The kit's design and detailing are successful, the separate engine cowling allows a view of the DB 601 engine, which is only hinted at. It  is a bit narrow for the effort expended on this, but the cockpit is reproduced extremely well. Two external loads are available: one 250kg or four 50kg bombs with corresponding mounts centrally under the fuselage.

The original:               Commissioned for service: the Me Bf 109 E-7/B.

World record holder, air superiority fighter, wonder weapon. Symbol of German engineering and terror of the enemy from 1937 to 1941: the legendary Messerschmitt Bf 109 of the first B to E series (nicknamed "Emil" after the German spelling alphabet) is all that. Constructed by Prof. Willy Messerschmitt (Me) at the Bayerische Flugzeugwerke (Bf), after the latter had switched from successful sports and commercial aircraft to military ones after 1933, following the political zeitgeist without any objections.

Meanwhile, the "109" also fulfilled his pleasure in performance and success after its maiden flight in 1935 in various international flight competitions and records from 1936 to 1939.

And after the type's triumph in the Spanish Civil War, the pilots of the single-seater fighter also piled up air victory after air victory in the campaigns of the Blitzkrieg of 1939/40 - Poland, Belgium, the Netherlands and France.

MdM 109 02
The yellow markings on the bottom are used for friend/foe identification of the Luftwaffe aircraft. 

 

From triumph to bloody nose

In the late summer of 1940, the Royal Air Force's career came to an end. The Battle of Britain showed that the British now had a Supermarine Spitfire, a fighter aircraft that was equal to and in some cases superior. The 109 E-3 and E-4 may have been brilliant tactical fighters, but they were neither designed nor intended for strategic missions such as escort and securing air superiority over the sea and foreign territory. Although the Royal Air Force also wobbles and bleeds in the legendary air battles over England's southeast, it stands its ground and the skies over Merry Old England; the nimbus of the invincibility of the Luftwaffe and its symbolic bird is gone.

While the air battle was still in progress, Reichsmarschall Göring, himself a former fighter pilot,  deeply affected personally by the failure of his Luftwaffe, "punished" the fighters by converting part of the squadrons into fighter-bombers. "If the fighters could not protect the bombers sufficiently, they should obligingly carry the bombs over themselves..." the later general of the fighter pilots Adolf Galland remembers the directive. The reason for the failure actually lay far more in the strategy than in the tactics or even in the will to fight. A deep rift between troops and leadership was the result, as was the inevitable failure: the comparatively slow and immobile E-4/Bs, pressed into service with a 250kg bomb under the fuselage, now tied up the rest of the fighter protection. The losses of the bombers and Stukas became intolerable; in addition, the effect of the provisionally trained "makeshift bombers" was minimal. The Battle of Britain is not won - the Luftwaffe and the 109 have been given a bloody nose... with the realization that even for successful fighter-bomber operations in the area, air superiority is first of all indispensable.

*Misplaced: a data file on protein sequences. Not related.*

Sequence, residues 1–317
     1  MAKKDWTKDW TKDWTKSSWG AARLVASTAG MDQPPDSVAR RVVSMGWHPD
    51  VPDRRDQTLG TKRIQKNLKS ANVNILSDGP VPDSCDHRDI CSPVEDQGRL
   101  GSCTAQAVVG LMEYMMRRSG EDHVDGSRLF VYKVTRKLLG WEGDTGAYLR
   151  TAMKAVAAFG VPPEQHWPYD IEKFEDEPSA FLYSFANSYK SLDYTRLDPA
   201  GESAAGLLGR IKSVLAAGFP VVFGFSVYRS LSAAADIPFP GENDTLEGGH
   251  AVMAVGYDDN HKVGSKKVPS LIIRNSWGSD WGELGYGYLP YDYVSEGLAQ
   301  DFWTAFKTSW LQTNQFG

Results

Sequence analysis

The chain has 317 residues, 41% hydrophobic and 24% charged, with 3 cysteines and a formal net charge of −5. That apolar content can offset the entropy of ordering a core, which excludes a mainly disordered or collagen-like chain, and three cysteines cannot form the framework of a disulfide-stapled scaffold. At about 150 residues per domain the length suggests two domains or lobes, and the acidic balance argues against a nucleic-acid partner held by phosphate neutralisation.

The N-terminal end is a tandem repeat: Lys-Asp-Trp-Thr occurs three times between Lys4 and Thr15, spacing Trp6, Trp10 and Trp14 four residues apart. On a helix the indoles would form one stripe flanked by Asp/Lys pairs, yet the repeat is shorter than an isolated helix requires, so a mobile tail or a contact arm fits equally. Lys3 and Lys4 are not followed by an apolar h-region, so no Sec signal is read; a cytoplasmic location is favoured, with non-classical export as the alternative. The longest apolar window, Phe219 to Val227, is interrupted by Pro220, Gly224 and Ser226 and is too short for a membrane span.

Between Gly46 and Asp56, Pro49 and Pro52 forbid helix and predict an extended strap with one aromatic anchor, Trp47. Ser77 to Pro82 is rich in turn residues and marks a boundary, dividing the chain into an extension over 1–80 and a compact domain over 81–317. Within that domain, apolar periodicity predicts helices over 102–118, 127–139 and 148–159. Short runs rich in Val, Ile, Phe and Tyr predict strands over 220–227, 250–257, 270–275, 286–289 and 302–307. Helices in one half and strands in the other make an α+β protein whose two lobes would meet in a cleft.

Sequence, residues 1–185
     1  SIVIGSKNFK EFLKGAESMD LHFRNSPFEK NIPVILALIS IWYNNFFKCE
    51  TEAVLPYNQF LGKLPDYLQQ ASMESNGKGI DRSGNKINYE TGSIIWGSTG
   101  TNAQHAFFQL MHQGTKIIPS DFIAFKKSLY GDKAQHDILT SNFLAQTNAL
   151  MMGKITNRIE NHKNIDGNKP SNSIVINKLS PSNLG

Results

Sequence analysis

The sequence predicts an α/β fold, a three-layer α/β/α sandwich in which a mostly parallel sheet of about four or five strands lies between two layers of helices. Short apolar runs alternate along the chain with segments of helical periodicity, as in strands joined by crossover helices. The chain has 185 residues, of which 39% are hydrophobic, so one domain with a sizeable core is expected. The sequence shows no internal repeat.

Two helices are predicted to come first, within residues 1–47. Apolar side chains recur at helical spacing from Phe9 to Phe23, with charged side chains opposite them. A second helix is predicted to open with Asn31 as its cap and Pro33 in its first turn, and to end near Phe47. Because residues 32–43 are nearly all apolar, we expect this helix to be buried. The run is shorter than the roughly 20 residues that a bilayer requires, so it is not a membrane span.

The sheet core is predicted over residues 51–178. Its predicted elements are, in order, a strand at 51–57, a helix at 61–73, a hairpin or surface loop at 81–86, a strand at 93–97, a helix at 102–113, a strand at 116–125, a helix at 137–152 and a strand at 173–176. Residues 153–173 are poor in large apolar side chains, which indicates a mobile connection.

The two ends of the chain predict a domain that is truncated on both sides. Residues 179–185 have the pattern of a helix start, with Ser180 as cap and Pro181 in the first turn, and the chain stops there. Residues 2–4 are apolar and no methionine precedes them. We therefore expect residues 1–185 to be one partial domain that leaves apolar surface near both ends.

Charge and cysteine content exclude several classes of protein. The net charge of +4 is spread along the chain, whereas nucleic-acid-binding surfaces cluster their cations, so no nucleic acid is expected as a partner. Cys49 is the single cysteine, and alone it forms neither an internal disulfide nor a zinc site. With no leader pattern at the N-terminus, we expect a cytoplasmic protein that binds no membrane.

MdM 109 02
Top view shows Luftwaffe camouflage scheme in the middle of the war; the tread on the wings is outlined in red.

 

The second career

The Balkan campaign of spring 1941, already strategically imposed by defection and military failure of allies, then sees the 109 E once again as a superior weapon - in both roles. Against brave, but tactically and materially inferior opponents (Yugoslavia, Greece and a strong British expeditionary force - but without Spitfires, which remain in England as life insurance), the aircraft with its operationally experienced crews convinces as a fighter as well as a fighter-bomber ('Jabo') in the E-4 and E-7 series and leads the German attack until the conquest of Crete. Failures and wear and tear of this tour de force are to make themselves bitterly noticeable with army like air force in the attack on the Soviet Union, which is moreover delayed because of it.